UK biotech Autolus seems to be on track to develop a next generation of safer and equally, if not more, efficacious CAR-T therapies.
The company presented new data this week at the American Association of Cancer Research (AACR) congress for AUTO1, a CD19 CAR-T cell investigational therapy, which is in testing for adults with acute lymphoblastic B cell leukaemia (ALL).
While Novartis has pioneered treatment of ALL in children and young adults with its first-to-market CAR-T Kymriah, there are currently no approved treatments for the disease in older adults. Trials from rivals in these patients, typically in their 40s or older, have been plagued by adverse events such as neurotoxicity and cerebral oedema.
Autolus is hoping that AUTO1 will change that, and its first wave of data from that programme found it compared favourably to other CAR-T therapies in adult ALL.
Analysts at William Blair picked out in particular the therapy's toxicity profile, which showed there were no reports of severe cytokine release syndrome (CRS) out of the eight patients that were treated with AUTO1.
They pointed out that severe CRS is “significantly hampering the treatment of ALL with CAR-T therapies”, highlighting Juno’s failed CAR-T programme JCAR015.
Juno gave up on that candidate back in 2017 following five patient deaths and two clinical holds.
Analysts were also impressed with AUTO1’s “highly encouraging” response rate, which achieved 88% - a slightly improved number on Gilead/Kite’s already-approved Yescarta, which achieved an overall remission rate of 75%.
For comparison purposes, Yescarta also had a 23% severe CRS rate, and a 39% grade 3 neurotoxicity result, compared to AUTO1’s 10%.
"The strong persistence of the CAR-T cells over time, coupled with the low frequency of severe CRS events seen in these patients, represent encouraging initial data for AUTO1 in relapsed/refractory adult ALL," said Dr. Christian Itin, chairman and CEO of Autolus Therapeutics.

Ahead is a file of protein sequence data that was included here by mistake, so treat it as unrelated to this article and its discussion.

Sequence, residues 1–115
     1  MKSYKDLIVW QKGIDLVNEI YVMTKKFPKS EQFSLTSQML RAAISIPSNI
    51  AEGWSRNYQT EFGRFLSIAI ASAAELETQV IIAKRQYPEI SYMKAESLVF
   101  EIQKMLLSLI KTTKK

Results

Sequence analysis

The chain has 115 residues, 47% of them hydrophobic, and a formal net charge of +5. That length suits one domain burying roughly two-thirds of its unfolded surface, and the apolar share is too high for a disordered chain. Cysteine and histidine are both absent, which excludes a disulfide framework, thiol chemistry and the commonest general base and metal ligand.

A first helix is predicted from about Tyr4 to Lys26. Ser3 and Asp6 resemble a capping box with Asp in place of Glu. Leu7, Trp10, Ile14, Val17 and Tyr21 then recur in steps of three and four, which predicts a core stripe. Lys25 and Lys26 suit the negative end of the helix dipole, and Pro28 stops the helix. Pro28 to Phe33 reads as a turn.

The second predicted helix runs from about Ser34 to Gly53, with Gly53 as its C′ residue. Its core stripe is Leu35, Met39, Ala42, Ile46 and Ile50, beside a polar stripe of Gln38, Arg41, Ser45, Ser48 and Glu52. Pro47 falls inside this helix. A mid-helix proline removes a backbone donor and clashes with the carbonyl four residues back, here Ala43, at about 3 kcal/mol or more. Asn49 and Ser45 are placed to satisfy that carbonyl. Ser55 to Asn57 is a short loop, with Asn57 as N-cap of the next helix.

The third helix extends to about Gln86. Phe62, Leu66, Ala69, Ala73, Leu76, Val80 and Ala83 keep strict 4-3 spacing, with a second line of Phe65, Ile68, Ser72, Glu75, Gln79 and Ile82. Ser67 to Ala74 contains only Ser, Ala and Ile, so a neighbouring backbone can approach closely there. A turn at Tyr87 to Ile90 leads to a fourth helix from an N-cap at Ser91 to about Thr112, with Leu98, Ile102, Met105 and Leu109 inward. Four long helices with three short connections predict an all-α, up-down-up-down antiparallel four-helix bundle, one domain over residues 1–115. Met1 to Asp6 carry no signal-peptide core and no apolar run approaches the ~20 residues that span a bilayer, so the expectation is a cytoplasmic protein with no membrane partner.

Although the data is early, it allows the company to advance to the programme into a phase 2 registration study by the end of this year.
While William Blair analysts recognise the risk of “clinical setbacks and the highly competitive landscape in engineered cellular therapies for cancer treatment”, it increased AUTO1’s probability of clinical success to 65%.
They also said due to the programme's “attractive safety profile, the therapy could receive larger adoption”, and because of this, the company could potentially “move the drug into earlier lines of therapy, or additional B-cell malignancies”, which would significantly expand the market opportunity.
Shares in the company rose from $1.66 to $2.63 after the data was revealed. The company is one of the strongest new biotech firms to emerge in the UK in recent years, and enjoyed a successful IPO in 2018, raising $150m.